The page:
SAN BERNARDINO (CBSLA.com) — Friday marked the one-year anniversary of a terrorist attack that claimed the lives of 14 people and wounded nearly two dozen others at the Inland Regional Center in San Bernardino.

Shortly before 11 a.m., survivors, loved ones and colleagues gathered in front of Building 3, the site of the attack, for a moment of healing and reflection.

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“One year after the devastating and tragic terrorist attack in San Bernardino, we remember those who lost their lives and the loved ones they left behind,” Attorney General Kamala D. Harris said in a written statement. “We extend our support to those who were wounded and are working every day to rebuild their lives.”

“Today, we also honor the brave first responders who acted decisively and courageously, putting themselves in harm’s way to save lives,” Harris continued. “Californians will never forget the tragedy that took place or the bravery demonstrated by our law enforcement partners who put their lives on the line for our homeland security and for our safety.”

 

Photographs of victims of the terrorist attack on the Inland Regional Center are seen as people hold candles while attending a vigil held at the San Bernardino County Board of Supervisors headquarters to remember those injured and killed during the shooting on December 7, 2015 in San Bernardino, California. FBI and other law enforcement officials continue to investigate the mass shooting that left 14 people dead and another 21 injured on December 2. (credit: Joe Raedle/Getty Images)

(credit: Joe Raedle/Getty Images)

On Dec. 2, 2015, married Redlands couple Syed Farook and Tashfeen Malik carried out what officials are calling the deadliest terrorist attack to occur since Sept. 11, 2001.

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The pair opened fire on about 80 employees while attending a Christmas party that was being held in a conference room at the IRC.

Fourteen employees were killed and 22 others were hospitalized for treatment of injuries sustained in the shooting.

Farook and Malik were later killed during a shootout with police.

People around the Inland Empire stopped today to reflect on the tragedy.

CBS2’s Tina Patel spoke to people who still feel a sense of loss along with a loss of security.

“It could have been any of us,” said CSUSB student Julio Carrillo, “I feel like when that happened it made me realize it could have been me, it could have been one of my professors.”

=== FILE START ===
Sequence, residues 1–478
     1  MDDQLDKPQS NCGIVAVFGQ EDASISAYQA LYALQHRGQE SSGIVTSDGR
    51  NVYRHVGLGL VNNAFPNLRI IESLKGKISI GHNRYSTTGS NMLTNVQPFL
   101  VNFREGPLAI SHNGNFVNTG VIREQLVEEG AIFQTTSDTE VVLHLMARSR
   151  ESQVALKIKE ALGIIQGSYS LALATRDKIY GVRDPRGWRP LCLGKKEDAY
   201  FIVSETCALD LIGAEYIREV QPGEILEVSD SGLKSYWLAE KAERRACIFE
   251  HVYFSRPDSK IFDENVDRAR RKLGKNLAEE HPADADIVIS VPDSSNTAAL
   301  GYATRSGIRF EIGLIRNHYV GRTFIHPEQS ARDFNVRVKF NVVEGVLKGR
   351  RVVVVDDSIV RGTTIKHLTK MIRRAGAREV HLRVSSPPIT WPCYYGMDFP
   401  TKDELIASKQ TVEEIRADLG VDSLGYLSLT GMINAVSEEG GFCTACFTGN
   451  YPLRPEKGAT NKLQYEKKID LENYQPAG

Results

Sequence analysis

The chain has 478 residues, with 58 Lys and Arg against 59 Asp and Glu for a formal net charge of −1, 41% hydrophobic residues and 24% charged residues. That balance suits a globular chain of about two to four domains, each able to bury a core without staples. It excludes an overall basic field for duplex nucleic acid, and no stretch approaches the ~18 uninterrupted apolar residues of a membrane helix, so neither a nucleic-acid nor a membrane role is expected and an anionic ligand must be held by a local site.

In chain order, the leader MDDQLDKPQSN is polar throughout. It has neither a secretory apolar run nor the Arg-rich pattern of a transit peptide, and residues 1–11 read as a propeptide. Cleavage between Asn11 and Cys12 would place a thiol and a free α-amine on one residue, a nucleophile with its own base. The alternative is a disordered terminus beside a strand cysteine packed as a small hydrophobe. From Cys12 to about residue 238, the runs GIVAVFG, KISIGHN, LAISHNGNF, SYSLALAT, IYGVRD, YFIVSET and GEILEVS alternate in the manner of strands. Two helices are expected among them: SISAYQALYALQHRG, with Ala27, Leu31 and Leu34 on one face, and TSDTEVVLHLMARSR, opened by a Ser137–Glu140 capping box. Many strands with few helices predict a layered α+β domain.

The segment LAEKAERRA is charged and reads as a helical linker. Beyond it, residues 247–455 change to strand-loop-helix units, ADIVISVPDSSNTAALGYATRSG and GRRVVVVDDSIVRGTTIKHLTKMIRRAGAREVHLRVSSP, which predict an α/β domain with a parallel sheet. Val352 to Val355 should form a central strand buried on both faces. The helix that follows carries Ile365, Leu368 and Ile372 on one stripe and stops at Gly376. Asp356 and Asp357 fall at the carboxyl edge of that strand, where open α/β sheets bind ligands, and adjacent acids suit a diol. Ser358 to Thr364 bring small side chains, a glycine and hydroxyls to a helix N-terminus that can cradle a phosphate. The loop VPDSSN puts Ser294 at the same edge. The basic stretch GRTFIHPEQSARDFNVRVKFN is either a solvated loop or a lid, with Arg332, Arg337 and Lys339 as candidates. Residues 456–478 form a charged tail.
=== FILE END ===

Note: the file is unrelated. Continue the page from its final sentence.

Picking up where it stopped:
Five of the victims were alumni of Cal State San Bernadino and the school on Friday afternoon dedicated a peace garden in their honor.

Across town, dozens rolled up their sleeves to donate blood at the blood bank down the street from the IRC in a show of unity and support the community displayed — as they did immediately following the massacre.

Others turned to their church to find healing.

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“It’s hard for the families who are still dealing with it, healing, trying to heal,” said Nanette Chambers.

Deacon Mike Bellinder says he can relate to the people he’s trying to comfort. His daughter was working at the IRC on the day of the shooting.

“I went emotionally ballistic,” he said, “I thought she was being killed. I thought she was going to be taken from us. It was the longest day of my life, longest day of my life.”

His daughter survived and he said he knows how lucky she is when so many did not. He thinks the community will be able to move forward if they come together.

“I’m on a mission now to tell people how important it is to forgive one another,” the deacon said, “that’s why I wanted to come today. Forgiveness is the beginning of healing.”

To honor the date and their memory, men and women from law enforcement went on a 14-mile bike ride.

CBS2’s Michele Gile spoke to some of the participants who were eager to peddle on.

San Bernardino Police Sgt. Emil Kokesh joined in. A year ago, he was one of the first responders pulling victims out of the IRC.

“I still think about it,” he says, “talk about it every day. It’s something that will be with us for the rest of our lives.”

Yvette Velasco was one of the 14 killed that day. She was the daughter or a CHP officer who had retired a few months before the attack. His colleagues from CHP rode with her picture on their bikes.

“He had done 30 years on the highway patrol. He was getting ready to enjoy his retirement and his grandchildren. [Yvette] was his youngest daughter who passed away. We all feel for Robert,” said Lt. Eric Phipps.

To date, the conference building in the IRC has remained closed.

Officials anticipate the IRC will begin to utilize the conference building in early 2017. It is unclear how the floor space will be used, however, a café that was housed in the building is expected to reopen.

IRC Board of Trustees will resume meetings in the building once the remodel is completed.

There are also plans to dedicate a memorial, but details have not yet been released.

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The IRC serves individuals with development disabilities, including intellectual disability, cerebral palsy, epilepsy and autism.